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Isotopic systems that have been exploited for radiometric dating have half-lives ranging from only about 10 years (e.g., tritium) to over 100 billion years (e.g., samarium-147).For most radioactive nuclides, the half-life depends solely on nuclear properties and is essentially a constant.By allowing the establishment of geological timescales, it provides a significant source of information about the ages of fossils and the deduced rates of evolutionary change.Radiometric dating is also used to date archaeological materials, including ancient artifacts.Together with stratigraphic principles, radiometric dating methods are used in geochronology to establish the geologic time scale.Among the best-known techniques are radiocarbon dating, potassium–argon dating and uranium–lead dating.
In these cases, usually the half-life of interest in radiometric dating is the longest one in the chain, which is the rate-limiting factor in the ultimate transformation of the radioactive nuclide into its stable daughter.For purposes of relative dating this principle is used to identify faults and erosional features within the rock record.Then, by applying the Principle of Cross-Cutting we are able to relatively date those processes.The Principle of Original Horizontality states that due to the influence of gravity all sediment is originally deposited horizontally.In other words, as sediment fills a depositional basins we would expect the upper most surface of the sediment to be parallel to the horizon. Using this principle we can than assume that sedimentary layers which have been deformed/folded must have been deformed after all affected layers have been deposited.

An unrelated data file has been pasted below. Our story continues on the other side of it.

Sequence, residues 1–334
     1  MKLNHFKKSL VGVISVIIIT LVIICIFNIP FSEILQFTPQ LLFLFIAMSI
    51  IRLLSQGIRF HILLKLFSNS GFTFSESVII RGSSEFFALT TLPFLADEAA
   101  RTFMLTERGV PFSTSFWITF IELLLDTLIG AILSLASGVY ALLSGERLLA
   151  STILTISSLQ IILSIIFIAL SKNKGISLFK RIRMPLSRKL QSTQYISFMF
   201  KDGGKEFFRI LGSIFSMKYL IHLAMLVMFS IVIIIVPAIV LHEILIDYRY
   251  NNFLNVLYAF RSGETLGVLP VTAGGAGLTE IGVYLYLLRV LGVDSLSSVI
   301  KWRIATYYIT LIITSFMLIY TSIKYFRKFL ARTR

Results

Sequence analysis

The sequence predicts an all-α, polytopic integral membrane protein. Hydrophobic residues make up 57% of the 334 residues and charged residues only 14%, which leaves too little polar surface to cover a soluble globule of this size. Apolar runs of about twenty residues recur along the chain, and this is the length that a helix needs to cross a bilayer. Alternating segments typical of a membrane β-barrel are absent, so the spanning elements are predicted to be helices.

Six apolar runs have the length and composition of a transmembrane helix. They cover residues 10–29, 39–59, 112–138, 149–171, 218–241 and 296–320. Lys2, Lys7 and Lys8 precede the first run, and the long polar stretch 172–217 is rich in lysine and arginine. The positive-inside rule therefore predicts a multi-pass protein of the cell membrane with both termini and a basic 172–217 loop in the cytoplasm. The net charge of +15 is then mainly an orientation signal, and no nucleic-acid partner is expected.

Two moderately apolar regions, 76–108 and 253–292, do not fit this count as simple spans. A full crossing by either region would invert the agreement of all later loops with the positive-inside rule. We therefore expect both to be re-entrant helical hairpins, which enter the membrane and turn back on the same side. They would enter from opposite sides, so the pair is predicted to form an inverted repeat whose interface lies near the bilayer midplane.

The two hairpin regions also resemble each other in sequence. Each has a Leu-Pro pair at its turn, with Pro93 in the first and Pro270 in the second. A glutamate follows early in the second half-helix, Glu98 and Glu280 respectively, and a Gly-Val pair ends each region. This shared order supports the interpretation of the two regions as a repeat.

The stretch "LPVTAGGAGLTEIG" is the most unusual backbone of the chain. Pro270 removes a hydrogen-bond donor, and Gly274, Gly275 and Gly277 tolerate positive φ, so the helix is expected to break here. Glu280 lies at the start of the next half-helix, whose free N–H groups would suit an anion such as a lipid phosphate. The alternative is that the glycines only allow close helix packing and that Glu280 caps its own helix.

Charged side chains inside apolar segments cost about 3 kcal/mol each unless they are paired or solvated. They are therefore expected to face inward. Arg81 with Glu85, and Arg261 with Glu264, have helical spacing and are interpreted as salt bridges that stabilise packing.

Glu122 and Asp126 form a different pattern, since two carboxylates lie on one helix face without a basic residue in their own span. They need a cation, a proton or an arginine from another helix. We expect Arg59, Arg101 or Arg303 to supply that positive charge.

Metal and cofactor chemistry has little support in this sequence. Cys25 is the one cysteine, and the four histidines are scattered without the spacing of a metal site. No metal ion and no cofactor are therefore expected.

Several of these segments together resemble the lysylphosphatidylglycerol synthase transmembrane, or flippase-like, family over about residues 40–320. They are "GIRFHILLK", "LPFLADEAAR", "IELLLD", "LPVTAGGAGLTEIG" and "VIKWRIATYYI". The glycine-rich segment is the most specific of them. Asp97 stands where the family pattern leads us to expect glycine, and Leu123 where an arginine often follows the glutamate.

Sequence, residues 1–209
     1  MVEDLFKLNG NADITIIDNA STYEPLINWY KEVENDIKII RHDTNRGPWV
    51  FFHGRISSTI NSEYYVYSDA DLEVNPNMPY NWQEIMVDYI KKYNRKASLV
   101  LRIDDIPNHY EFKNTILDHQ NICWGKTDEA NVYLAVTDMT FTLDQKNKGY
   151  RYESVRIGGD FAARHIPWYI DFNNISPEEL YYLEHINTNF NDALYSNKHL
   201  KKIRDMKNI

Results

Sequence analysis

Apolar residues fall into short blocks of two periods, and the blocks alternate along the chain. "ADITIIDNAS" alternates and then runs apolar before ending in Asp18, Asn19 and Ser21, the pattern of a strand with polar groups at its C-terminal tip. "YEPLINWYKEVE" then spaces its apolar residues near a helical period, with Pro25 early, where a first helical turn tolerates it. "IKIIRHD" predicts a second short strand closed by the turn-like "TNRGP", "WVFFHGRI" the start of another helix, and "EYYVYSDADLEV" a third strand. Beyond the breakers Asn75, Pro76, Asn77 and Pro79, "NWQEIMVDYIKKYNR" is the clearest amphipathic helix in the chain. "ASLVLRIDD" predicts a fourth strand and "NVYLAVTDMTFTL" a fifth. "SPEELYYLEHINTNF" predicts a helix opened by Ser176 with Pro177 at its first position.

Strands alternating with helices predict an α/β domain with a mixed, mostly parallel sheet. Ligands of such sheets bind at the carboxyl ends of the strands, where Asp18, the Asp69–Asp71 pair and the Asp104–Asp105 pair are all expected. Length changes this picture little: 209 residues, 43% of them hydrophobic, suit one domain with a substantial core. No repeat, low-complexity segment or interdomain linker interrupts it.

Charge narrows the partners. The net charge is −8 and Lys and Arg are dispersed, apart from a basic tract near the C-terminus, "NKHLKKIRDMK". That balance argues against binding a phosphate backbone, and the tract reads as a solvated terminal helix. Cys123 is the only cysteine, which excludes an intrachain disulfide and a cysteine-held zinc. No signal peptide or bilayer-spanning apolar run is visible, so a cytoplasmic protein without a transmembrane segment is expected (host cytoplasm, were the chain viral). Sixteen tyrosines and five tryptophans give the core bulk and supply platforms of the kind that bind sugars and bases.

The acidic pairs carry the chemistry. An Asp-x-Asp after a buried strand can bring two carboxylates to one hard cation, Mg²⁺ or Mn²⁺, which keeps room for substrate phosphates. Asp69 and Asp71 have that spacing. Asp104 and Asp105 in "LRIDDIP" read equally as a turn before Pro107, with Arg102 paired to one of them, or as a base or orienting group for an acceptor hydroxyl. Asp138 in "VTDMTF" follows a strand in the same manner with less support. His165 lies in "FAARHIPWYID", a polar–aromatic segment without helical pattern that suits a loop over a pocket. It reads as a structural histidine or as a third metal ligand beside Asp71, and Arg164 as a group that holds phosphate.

Relative dating utilizes six fundamental principles to determine the relative age of a formation or event.